Hi there! I’m Christina, a mom of two littles, a licensed mental health therapist, and an award-winning children’s book author! Thanks for checking out my site. Look around! I’m sure there’s something here for you! This article by Jenna Sherman at Parent-Leaders.com speaks about three tips for realistic postpartum care.
3 Tips for Realistic Postpartum Care
Feed, burp, change, nap, repeat — life with a newborn is a sleep-deprived blur. Sure, newborns sleep most of the day, but when sleep only lasts a few hours at a time, during which you’re washing dishes, loading laundry, and hauling dirty diapers to the trash to prepare for the nex feeding frenzy — well, let’s just say there’s barely time to breathe, let alone brush your hair, brew a pot of coffee, or do any of the other things that make you feel like a human and not just a
milk machine. Mix in fluctuating hormones, body image issues, and pre-existing mental health challenges, and you have a recipe for a postpartum mental health crisis.
One in five women will experience postpartum depression and postpartum anxiety. PPD and PPA are more than the “baby blues” that 80% of new moms experience in the weeks after delivery. If you’re constantly plagued with worry and guilt, are struggling to concentrate, and feel like something terrible might happen, you may be experiencing a mental health problem that can be treated, so consider working with Christina.
Don’t wait for a crisis to take care of yourself
Don’t wait until you’re touched out and burnt out to make room for your own needs in these crazy newborn days. It’s only a matter of time before sleep deprivation and fraying nerves catch up with you. Self-care should be part of every new parent’s daily routine.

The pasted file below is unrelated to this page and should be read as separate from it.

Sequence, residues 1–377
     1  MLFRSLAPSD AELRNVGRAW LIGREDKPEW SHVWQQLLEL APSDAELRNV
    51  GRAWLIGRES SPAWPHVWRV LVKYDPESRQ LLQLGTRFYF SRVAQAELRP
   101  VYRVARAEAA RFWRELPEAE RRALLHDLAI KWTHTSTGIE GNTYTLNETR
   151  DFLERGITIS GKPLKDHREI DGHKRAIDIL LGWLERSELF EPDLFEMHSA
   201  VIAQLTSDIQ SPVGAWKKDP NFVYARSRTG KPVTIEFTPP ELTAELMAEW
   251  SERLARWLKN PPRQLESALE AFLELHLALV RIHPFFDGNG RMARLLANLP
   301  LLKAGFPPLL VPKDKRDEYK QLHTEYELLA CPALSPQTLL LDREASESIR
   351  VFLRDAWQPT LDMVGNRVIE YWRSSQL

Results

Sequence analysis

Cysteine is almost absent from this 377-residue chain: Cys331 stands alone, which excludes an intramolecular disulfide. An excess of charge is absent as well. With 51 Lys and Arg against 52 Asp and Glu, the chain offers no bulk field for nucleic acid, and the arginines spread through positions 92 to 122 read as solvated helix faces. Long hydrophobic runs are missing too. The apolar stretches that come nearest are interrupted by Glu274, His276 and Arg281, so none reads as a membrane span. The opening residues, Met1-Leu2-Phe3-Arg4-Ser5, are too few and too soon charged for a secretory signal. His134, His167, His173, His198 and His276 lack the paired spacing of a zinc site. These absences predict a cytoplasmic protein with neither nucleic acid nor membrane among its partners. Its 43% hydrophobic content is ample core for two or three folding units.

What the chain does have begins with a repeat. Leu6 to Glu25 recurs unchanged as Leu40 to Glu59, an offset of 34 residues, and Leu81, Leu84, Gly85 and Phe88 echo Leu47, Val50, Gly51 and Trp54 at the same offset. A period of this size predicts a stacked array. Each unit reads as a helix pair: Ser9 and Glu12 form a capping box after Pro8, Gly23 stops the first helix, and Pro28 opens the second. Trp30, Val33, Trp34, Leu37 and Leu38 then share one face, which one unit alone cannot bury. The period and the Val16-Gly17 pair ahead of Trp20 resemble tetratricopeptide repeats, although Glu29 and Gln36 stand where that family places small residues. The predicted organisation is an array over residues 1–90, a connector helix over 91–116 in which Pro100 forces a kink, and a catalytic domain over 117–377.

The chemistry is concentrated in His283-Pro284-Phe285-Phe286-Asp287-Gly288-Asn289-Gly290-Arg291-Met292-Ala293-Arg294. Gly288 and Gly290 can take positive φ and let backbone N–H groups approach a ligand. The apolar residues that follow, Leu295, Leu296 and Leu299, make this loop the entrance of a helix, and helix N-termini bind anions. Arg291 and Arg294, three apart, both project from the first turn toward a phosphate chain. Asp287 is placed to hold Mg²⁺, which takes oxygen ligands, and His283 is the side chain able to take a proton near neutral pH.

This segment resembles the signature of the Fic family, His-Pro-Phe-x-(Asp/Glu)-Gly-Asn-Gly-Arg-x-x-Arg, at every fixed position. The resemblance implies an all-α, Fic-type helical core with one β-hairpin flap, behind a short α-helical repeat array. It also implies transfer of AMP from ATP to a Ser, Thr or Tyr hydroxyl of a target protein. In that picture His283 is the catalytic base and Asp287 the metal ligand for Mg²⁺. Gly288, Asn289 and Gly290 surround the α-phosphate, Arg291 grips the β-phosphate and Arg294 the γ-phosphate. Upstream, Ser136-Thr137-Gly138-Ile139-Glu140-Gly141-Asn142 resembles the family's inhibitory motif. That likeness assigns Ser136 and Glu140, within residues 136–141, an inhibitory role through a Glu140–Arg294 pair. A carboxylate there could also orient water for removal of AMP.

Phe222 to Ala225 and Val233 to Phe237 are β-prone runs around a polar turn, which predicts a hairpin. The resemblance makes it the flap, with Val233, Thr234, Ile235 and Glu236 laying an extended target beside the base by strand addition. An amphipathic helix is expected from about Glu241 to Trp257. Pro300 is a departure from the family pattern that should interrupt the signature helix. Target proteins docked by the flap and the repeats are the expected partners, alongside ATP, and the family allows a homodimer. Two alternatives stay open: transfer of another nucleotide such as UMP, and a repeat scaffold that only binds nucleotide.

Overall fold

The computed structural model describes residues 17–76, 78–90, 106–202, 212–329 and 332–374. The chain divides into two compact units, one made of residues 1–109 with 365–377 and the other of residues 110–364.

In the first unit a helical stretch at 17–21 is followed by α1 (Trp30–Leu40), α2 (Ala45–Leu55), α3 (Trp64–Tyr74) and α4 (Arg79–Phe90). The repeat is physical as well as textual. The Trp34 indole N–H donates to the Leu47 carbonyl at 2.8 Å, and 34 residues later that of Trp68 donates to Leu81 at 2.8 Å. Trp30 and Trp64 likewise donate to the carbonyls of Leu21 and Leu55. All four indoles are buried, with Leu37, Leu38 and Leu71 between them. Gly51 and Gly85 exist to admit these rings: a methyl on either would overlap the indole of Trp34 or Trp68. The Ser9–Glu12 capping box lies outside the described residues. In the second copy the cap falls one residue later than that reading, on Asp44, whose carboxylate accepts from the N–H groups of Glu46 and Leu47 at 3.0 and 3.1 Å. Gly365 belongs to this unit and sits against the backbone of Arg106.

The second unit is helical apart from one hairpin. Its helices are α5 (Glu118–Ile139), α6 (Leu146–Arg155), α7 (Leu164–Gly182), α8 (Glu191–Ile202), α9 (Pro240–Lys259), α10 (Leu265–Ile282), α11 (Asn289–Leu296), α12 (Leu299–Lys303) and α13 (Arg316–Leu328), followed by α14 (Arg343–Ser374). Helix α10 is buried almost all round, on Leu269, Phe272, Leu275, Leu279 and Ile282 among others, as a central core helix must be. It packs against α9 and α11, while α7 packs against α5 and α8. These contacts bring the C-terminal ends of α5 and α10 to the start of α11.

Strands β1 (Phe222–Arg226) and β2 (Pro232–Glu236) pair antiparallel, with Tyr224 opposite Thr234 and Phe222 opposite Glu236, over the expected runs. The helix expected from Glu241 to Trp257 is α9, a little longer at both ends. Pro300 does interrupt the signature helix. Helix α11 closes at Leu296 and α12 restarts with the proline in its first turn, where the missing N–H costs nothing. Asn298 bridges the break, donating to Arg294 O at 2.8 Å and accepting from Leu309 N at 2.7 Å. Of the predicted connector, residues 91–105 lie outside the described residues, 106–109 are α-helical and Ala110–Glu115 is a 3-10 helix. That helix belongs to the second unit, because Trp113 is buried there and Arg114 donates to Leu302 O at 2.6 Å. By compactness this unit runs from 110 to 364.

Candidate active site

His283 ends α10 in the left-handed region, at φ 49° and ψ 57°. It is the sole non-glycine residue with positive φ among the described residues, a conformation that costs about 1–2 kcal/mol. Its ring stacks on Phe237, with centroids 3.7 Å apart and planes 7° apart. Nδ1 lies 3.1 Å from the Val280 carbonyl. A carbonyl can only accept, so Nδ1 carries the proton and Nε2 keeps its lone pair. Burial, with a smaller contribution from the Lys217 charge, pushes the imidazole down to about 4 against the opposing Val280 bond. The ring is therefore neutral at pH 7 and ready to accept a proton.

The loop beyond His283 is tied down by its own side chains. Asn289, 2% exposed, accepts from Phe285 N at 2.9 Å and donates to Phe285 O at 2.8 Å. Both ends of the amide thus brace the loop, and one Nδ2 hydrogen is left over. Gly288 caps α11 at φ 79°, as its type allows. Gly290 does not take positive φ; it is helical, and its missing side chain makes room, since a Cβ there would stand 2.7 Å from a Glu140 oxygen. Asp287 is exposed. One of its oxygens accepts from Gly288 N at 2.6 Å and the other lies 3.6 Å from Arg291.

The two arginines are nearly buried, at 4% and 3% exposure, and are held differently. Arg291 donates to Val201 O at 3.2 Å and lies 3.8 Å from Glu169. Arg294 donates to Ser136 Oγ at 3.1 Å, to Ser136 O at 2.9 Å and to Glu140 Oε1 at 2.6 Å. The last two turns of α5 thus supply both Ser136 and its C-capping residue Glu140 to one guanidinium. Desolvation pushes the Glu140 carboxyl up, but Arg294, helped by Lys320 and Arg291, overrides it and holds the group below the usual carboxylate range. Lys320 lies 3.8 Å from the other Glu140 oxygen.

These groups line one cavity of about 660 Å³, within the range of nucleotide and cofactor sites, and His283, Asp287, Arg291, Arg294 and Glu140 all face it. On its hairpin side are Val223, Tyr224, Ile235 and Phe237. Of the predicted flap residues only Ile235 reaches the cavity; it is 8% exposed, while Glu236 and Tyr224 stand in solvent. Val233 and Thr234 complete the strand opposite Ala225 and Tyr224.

That’s not to say breakfast in bed and long bubble baths are on the menu as the parent of a newborn. To avoid feeling totally overwhelmed, you need to lower your expectations of what you can accomplish in a day.
3 self-care priorities for new parents
- Take care of the basics
Part of your postpartum care is going back to basics. Drink enough water, eat enough food, and get enough rest. Forget trying to sleep when the baby sleeps if your newborn sleeps in short spurts. Napping for 20 minutes at a time simply isn’t that restful. Instead, get the best sleep possible when you actually do sleep.
Lay off the caffeine, turn off your phone, and sleep in a room that’s cool, dark, and quiet. A bedside bassinet helps you get back to sleep after nighttime feedings, but room sharing with a newborn also guarantees that if your baby sleeps poorly, so do you. Don’t rule out separate bedrooms earlier than the recommended 6 months. Research shows that early independent sleepers sleep better than room-sharing infants — and so do their parents.
- Shower and get dressed
Let’s be honest: daily showers are a luxury, not a necessity. However, you do need to put on some semblance of real clothes. Changing out of your milk-stained sweats isn’t about not “letting yourself go.” It’s a daily exercise in self-love and self-acceptance.
Dressing as a new mom is all about balancing comfort, function, and fashion. Look for pieces that are easy to throw on yet look put-together. I’m a big fan of maternity jeans for postpartum support. Pull-on pants are another lifesaver when you need to look polished. Up top, look for shirts with easy nursing access and soft fabrics. Wrap tops are great, but even a well-designed t-shirt can elevate your look as a nursing mama.
- Do something for yourself
Things you like to do tend to come after things you need to do. The problem is, there’s always more to do as a new parent. Push yourself to the bottom of the priority list long enough, and it’s only a matter of time before you forget your identity outside of motherhood.
Carve out time for the things that make you feel special and schedule it to keep mom guilt at bay. This can be as simple as a quiet cup of coffee in the garden, doing postpartum yoga in your favorite fitness app, or committing an hour to your hobbies. The important thing isn’t how you spend your time, but that you spend it for you.
Self-care looks different when there’s an infant relying on you for every need. However, just because your priorities are shifting doesn’t mean that self-care should fall off the map. Remember: A cared-for parent is a happy parent, and a happy parent is a good parent. Make time for yourself, and your whole family will benefit — little one included.
Jenna Sherman is a mom of three (two girls and a boy). She hopes to help other parents acquire the skills they need to raise future leaders by providing a collection of valuable, up-to-date, authoritative resources. She created parent-leaders.com as an avenue for parents who want to make sure their children grow up to be strong, independent, successful adults.